Stormont's reaction to a "dangerous" new coronavirus variant discovered in the UK for the first time will ultimately decide whether the new variant makes its way to Northern Ireland, a public health expert has warned.
There is concern the Manaus strain may spread more rapidly and respond less well to existing vaccines.
Dr Gabriel Scally was speaking after Public Health England (PHE) confirmed six cases of the P.1 variant first detected in the Brazilian city of Manaus have been confirmed in Britain - three in England and three in Scotland.
Two were confirmed in South Gloucestershire but the third English case has not been located and could be anywhere, as PHE says the person did not complete their test registration card so their contact details are unavailable.
The Scottish Government said three residents who returned to north-east Scotland from Brazil, via Paris and London, subsequently tested positive.
Dr Scally said the new strain could lead to the pandemic taking hold again and causing more severe illnesses if it is allowed to spread unchecked.
However, he said that if the UK Government and Stormont Assembly implement travel restrictions and a proper quarantine system and the public continue to follow public health advice there was no reason to panic.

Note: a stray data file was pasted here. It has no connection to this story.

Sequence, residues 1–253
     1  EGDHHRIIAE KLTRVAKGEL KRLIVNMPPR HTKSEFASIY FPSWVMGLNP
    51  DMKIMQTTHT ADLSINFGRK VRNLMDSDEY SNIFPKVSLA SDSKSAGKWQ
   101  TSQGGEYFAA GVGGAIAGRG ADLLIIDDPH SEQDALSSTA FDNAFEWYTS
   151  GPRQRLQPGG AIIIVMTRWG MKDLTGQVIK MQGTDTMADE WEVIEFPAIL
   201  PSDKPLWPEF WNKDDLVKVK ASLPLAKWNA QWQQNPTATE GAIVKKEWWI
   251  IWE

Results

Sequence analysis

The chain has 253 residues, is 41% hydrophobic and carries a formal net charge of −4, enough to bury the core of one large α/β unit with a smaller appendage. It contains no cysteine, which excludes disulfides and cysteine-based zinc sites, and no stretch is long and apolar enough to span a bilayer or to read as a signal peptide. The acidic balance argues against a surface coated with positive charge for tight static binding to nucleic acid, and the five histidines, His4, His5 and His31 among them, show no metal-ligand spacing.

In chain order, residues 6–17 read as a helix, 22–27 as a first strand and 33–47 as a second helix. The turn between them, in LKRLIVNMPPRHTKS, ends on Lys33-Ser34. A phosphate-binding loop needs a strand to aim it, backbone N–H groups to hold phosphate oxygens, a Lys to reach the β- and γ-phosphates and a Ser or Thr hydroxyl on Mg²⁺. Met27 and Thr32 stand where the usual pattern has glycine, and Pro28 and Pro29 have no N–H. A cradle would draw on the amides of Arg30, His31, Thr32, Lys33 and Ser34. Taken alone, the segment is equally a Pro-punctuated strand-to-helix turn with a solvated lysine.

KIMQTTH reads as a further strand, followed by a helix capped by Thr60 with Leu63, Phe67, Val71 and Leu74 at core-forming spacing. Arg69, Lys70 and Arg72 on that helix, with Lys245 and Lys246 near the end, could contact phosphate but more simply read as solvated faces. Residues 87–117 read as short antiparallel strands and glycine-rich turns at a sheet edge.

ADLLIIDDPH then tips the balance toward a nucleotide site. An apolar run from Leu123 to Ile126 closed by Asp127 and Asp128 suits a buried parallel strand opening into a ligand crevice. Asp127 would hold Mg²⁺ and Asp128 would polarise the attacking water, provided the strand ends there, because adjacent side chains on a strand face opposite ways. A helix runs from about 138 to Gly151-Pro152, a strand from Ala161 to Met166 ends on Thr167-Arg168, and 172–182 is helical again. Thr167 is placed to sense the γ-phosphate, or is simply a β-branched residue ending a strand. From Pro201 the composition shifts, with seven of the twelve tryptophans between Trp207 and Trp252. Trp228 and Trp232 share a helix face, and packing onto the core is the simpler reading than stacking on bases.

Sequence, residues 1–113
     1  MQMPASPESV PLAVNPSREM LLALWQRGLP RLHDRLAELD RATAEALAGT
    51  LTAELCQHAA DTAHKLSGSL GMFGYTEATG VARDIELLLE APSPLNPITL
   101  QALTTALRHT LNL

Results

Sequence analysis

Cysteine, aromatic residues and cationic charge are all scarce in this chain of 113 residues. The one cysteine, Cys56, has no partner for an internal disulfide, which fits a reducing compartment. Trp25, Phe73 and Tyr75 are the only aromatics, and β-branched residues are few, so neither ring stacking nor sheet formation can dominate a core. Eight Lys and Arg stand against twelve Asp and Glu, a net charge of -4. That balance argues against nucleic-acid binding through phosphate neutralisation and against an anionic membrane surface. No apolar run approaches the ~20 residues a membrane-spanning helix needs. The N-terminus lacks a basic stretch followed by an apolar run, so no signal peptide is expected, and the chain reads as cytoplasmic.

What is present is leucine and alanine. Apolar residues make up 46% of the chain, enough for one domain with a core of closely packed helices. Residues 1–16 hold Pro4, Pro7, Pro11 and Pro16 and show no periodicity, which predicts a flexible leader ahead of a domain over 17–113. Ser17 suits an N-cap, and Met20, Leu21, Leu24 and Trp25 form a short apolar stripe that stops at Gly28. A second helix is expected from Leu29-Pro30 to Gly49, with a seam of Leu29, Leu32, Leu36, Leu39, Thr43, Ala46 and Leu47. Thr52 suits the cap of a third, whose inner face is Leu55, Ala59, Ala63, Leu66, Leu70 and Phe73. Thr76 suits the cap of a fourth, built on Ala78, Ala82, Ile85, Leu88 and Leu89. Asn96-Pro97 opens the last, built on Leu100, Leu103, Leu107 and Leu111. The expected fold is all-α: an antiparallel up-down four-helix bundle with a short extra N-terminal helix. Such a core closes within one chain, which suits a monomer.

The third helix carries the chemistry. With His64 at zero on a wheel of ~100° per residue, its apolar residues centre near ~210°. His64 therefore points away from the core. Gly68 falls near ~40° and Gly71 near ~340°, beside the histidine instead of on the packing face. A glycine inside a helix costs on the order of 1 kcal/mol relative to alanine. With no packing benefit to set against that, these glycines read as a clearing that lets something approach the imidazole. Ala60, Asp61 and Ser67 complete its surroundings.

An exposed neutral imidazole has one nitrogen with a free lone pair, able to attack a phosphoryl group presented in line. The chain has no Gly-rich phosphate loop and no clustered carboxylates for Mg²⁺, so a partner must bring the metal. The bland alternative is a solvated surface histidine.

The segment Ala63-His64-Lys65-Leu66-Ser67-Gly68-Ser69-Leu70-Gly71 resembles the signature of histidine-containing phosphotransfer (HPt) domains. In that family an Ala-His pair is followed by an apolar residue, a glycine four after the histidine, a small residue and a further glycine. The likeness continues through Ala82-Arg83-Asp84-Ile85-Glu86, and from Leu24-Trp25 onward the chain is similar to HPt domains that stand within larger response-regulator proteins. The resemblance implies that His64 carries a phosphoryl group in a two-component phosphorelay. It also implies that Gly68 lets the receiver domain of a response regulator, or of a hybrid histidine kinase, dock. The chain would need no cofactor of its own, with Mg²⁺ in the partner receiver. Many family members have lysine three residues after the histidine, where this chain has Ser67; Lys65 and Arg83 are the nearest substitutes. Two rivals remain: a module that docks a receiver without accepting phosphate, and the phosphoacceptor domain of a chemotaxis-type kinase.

Dr Scally said the Assembly's reaction would decide whether the Manaus variant crosses the Irish Sea. The Belfast-born doctor, who is a member of the independent Sage committee, said it was a "worrying" development as the variant was one of those causing the greatest concern at present due to its impact on vaccines.
"It's a warning to us about how dangerous it is to leave borders open and not to have quarantine in place and catch all of these cases," Dr Scally said.
"It's a dangerous variant and Manaus was hit extraordinarily hard in the first wave and this new variant has hit it again, including infecting people who had already been infected. It means the virus manages to dodge some of the antibodies that have arisen from the first infection."
Dr Scally noted that the Republic of Ireland had a sizeable Brazilian population and said the Assembly would have to work with the UK and Irish Governments to stop the new variant from spreading.
"For a lot of international flights that is how people get to Northern Ireland, via Dublin airport," he said.
The epidemiologist said it was "almost inevitable" new strains would spread in the UK and Ireland due to open borders.
"The UK Government and the Irish Government have not got a good record on keeping variants out and they tend to shut the door after the horse has bolted, in this case they should shut the door now to make sure the variants don't get in," he said.
Dr Scally said without action the new variant could prolong the pandemic and "make it yet again more serious in terms of the severity of the illness". He said that while the number of cases was falling, "there is still a lot of transmission going on". "We really need to do three things - get the numbers down, keep them down and we need to keep it out by reducing the opportunity of importing new cases," Dr Scally said.